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This Simple Machines lesson focuses on Wheels and Axles
6, 5, 4
Title – Simple Machines- Wheel and Axle
By – Bobbi Jo Clugh
Primary Subject – Science
Secondary Subjects – Art
Grade Level – 4-6
During Instruction – WHEEL AND AXLE
– Show short video clip*** (if available) as in introduction to the wheel and axle.
Sequence of Learning Activities:
– Students will discuss what was seen on the video clip.
– Students listen and take notes on their chart as the teacher gives a short lecture, lecture will include definitions, how a wheel and axle helps us, and examples of wheels and axles.
– Students will then get into groups for activities.
– Student will be shown the insides of a pencil sharpener, to show gears on a wheel and axle .
– Students will first be shown an example of a wheel and axle in which they will each make a pinwheel. For this activity, students will be given instructions on how to complete their pinwheel step-by-step, one pinwheel per group. The students will then try their pinwheels to see if they were assembled correctly. Teacher will be walking around to observe and help if necessary. Short discussion on finished product will occur, pointing out how the pinwheel works.
– Students will then be shown, in the second activity, an example of a waterwheel. In this example, students will gather around and observe a watermill already made by the teacher. The wheel and axle of the waterwheel will be pointed out and shown how it works. Teacher will aid if necessary.
– Teacher will once again review the vocabulary and how each example worked. Any questions students have will be answered. Also, go over rest of chart and ask if there are any questions or any blanks that they need filled.
Note: This lesson will take approximately one 90-minute class period to complete.
***The video used is: Schelessinger Science library, Physical Science for Children: All About Simple Machines***
Wheel and axle – a wheel with a rod or post through its center; both parts move together.
Axle – round post wheel turns around.
Gear – a wheel with teeth around its outer rim.
How a Wheel and Axle Helps Us:
Lifts or moves loads.
Tricycle wheel, bicycle wheel, roller blades/skates, car wheels, suitcase with wheels, wagon, pencil sharpener.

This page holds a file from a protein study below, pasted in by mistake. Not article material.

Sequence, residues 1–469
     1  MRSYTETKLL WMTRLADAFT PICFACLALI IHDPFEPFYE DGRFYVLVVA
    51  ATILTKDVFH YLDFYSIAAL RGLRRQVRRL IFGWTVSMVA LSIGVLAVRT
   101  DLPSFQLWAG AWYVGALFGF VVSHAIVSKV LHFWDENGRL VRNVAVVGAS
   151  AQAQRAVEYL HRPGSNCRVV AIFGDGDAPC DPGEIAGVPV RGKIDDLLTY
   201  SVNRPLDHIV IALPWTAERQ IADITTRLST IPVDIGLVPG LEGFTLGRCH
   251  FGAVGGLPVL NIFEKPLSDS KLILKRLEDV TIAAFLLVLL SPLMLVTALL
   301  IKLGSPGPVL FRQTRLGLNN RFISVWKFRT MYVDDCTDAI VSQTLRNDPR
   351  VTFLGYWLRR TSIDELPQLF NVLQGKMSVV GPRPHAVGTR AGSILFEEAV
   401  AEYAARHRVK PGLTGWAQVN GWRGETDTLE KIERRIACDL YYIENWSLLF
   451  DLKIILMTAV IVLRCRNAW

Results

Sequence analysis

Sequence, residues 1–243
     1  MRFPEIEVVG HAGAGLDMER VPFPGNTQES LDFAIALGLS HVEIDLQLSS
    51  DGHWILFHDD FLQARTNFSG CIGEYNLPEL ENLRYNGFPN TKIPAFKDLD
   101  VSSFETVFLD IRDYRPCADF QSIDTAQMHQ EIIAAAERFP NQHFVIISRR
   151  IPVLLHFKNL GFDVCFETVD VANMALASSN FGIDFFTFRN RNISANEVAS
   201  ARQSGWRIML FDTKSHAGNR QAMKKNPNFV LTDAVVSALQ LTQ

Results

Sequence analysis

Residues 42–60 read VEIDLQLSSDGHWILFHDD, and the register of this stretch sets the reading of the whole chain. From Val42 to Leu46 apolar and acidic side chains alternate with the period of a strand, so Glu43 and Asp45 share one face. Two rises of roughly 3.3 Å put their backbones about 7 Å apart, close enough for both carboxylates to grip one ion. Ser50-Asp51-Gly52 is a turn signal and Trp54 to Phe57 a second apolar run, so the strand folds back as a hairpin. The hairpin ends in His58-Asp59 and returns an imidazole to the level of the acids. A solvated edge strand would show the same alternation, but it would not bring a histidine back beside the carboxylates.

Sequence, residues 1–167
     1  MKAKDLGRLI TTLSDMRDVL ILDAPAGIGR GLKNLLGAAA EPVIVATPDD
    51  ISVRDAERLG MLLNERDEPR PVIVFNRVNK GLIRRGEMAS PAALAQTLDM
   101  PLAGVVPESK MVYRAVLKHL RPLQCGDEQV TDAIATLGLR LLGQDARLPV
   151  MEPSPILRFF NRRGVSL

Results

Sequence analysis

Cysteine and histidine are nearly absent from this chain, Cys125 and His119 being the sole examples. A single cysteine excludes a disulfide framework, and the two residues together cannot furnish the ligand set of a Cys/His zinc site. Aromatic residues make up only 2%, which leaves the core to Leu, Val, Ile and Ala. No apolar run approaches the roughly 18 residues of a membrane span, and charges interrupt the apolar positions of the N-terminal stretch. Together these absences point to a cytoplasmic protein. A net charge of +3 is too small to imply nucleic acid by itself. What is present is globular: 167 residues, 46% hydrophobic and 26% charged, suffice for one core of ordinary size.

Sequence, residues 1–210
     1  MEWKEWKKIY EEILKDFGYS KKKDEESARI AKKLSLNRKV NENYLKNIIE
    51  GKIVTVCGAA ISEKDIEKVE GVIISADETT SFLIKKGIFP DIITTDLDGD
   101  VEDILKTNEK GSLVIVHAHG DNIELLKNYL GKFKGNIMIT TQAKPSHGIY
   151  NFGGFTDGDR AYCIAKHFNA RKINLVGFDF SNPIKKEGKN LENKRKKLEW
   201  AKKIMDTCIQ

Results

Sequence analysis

1. Tie string to pencil sharpener and to weight.
2. Hold pencil sharpener up (or collect around sharpener if attached to wall).
3. Begin to turn handle and watch how the weight moves and how the gears work together as the turning continues.
Ã‚Â· Sheets of typing paper
Ã‚Â· Large coin
Ã‚Â· Paper hole punch
Ã‚Â· Modeling clay
Ã‚Â· Sewing thread
Ã‚Â· Paper clip
1. Cut a 6 in x 6 in square from a sheet of paper.
2. Draw two diagonal lines across the paper square so that you have an “X”.
3. Use a coin to draw a circle in the center of the square.
4. With a hole-punch, make one hole in each corner of the square as indicated in the diagram.
5. Make a hole through the center of the circle with the point of a pencil.
6. Use the scissors to cut the diagonal lines up to the edge of the circle in the center.
7. To form a paper wheel-of-sails, fold the corners with the holes over the center, one at a time, aligning all the holes with the hole in the center of the paper.
8. Push a drinking straw through the holes, and position the paper wheel in the center of the straw.
9. Wrap a small piece of clay around both sides of the straw next to the paper wheel to keep the wheel in place.
10. Collect a piece of sewing thread and attach one end of the string about two inches from one end of the straw. Tie the free end of the string to the paper clip.
11. Hold your hands upright in front of your face, with your thumbs pointing towards your body.
12. Cradle the ends of the straw in the grooves formed between your index fingers and thumbs. DO NOT grip the straw.
13. Blow toward the paper windmill, observe the movement of the paper wheel, straw and paper clip.
Ã‚Â· Plastic Bottle
Ã‚Â· Empty Thread Spool
Ã‚Â· Index Cards
Ã‚Â· Paper Clip
Ã‚Â· Running Water
1. Cut the top half off of a plastic bottle and cut two notches, Ã‚Â½ in wide and 2 in deep, in the top edge of the plastic bottle directly across from each other.
2. Cut holes in the side, towards the bottom of the bottle, to allow water to flow out.
3. Construct a water wheel by gluing a series of paper blades cut from index cards to the body of an empty thread spool.
4. Push a straw through the center of the spool securing the spool to the straw with tape.
5. Cradle the ends of the straw in the cut-out sections at the top of the bottle.
6. Use tape to attach one end of a string to a paper clip and the free end to the straw.
7. Place the bottle in a sink, under a faucet and turn on a slow trickle of water. The water should hit against the paper blades.
8. The spool and straw will rotate and the string will wind around the pencil, lifting the paper clip.
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